Despite countless reports to the contrary, the “entitled” Millennial generation doesn’t expect to be handed the keys to the executive suite.
Millennial Job Prospects
CASE STUDY A
Name: Tammy Uppenborn
Profession: Occupational therapist
In 2007, Uppenborn got her Master’s in occupational therapy. She assumed there would be no shortage of work in a field tied to healthcare and the rapidly aging population. But government cutbacks and a shift away from in-patient hospital care proved a game-changer for the profession—and for her.
She found work, just not the sort she had envisaged. For five years, Uppenborn has completed a series of short-term contracts at various Toronto healthcare and rehabilitation facilities, serving as a perpetual stand-in for employees on maternity leave or vacation.
Despite hoping each contract would lead to a permanent job, her longest stint at an agency fell just shy of a year.
Uppenborn has never received health benefits, nor had an employer contribute to her pension. Employers require that she pay into an Employment Insurance fund, but regulations around temporary work prevent her from accessing EI during the scary months between jobs. Having recently started an eight-month contract at a new agency in Guelph, she will again be left scrambling for a new position this winter.
“I’m always on the steep end of the learning curve, always putting in extra, unpaid time, because I want to look good if another position opens,” she says.
Contract work has caused her anxiety, and thrown off her plans to start a family: “I can’t go on maternity leave because I don’t have a permanent job. But I’m going to be 36 this month. Like, tick tock!”
CASE STUDY B
Name: Cameron Jones
Profession: Legal researcher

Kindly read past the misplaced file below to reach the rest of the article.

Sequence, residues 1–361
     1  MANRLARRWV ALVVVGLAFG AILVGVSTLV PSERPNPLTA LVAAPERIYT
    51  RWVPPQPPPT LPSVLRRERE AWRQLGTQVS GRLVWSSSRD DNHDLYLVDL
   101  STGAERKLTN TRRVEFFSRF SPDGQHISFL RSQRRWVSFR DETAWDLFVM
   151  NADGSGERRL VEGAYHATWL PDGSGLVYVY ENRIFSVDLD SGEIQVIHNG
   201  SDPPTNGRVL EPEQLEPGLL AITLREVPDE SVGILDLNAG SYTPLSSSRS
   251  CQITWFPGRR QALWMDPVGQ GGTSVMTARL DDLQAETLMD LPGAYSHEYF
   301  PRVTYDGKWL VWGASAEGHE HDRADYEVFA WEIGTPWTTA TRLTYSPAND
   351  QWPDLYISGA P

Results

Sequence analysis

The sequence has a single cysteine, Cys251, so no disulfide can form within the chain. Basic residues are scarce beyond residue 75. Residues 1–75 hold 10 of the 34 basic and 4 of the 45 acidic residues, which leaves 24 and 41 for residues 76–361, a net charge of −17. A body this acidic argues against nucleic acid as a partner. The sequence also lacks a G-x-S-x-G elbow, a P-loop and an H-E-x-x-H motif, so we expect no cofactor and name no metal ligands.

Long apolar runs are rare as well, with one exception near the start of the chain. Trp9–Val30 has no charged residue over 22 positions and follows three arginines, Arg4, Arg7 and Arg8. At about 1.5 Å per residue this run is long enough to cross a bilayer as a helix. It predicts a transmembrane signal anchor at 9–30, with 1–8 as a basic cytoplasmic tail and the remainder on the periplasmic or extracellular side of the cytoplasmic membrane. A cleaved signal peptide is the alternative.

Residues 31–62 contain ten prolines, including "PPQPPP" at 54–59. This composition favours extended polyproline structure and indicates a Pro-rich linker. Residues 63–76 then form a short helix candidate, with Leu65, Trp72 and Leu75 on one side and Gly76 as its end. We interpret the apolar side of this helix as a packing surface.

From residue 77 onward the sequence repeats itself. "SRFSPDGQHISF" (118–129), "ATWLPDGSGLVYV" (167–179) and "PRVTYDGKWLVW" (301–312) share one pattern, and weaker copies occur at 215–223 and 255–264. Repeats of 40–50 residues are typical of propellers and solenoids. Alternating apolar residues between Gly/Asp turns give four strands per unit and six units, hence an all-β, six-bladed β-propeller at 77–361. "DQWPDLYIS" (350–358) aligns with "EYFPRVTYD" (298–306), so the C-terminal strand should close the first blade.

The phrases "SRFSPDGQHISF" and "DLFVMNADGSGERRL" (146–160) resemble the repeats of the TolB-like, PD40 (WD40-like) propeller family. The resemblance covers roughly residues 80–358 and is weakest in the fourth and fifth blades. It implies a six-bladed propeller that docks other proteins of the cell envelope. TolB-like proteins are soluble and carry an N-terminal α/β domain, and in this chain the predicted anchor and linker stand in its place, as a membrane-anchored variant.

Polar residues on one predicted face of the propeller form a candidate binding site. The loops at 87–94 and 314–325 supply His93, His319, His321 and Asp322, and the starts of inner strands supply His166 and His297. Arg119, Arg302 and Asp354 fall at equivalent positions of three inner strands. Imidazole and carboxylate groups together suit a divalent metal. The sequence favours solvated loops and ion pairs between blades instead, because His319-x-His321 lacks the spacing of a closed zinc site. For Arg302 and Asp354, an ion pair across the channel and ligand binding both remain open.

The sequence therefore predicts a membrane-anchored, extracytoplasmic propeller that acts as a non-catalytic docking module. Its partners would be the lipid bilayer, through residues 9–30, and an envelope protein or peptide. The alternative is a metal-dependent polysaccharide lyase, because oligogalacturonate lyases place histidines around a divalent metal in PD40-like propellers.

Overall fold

Like many who slog through law school, Jones (not his real name) recalls holding lofty expectations prior to his 2008 graduation: “I thought, My future’s made. I’ll finish law school, get an articling position, and move into a permanent job.”
Then, like many of his peers flung from the cozy academic bubble mid-recession, Jones faced a harsh reality. He spent five months looking for work, followed by six months doing piecemeal legal-writing gigs and short-term contracts. He remembers the irony of one company referring to him as an “independent contractor.”
“I was an employee,” he clarifies. “I came into the office every day, I perfected the work I was told to do. There just weren’t benefits.”
Eventually, Jones secured stable legal work, a feat that may become increasingly difficult to achieve for Ontario law graduates, in light of the province’s shortage of articling placements. This year, nearly 15 per cent of them couldn’t find articles—a prerequisite for becoming licensed.
CASE STUDY C
Name: Aafreen Malik
Malik (not her real name) has worked as an occasional teacher for six years, alternating between day-to-day supply work and, when she’s lucky, maternity contracts. She has vied for a permanent position with the Toronto District School Board, but to no avail—openings are usually snapped up by transferring teachers.
“You’re often not respected by colleagues and the administration as much as if you were a permanent teacher,” she says. “I’m not going to be there in a couple months, so it doesn’t really matter [to them] to keep me happy.”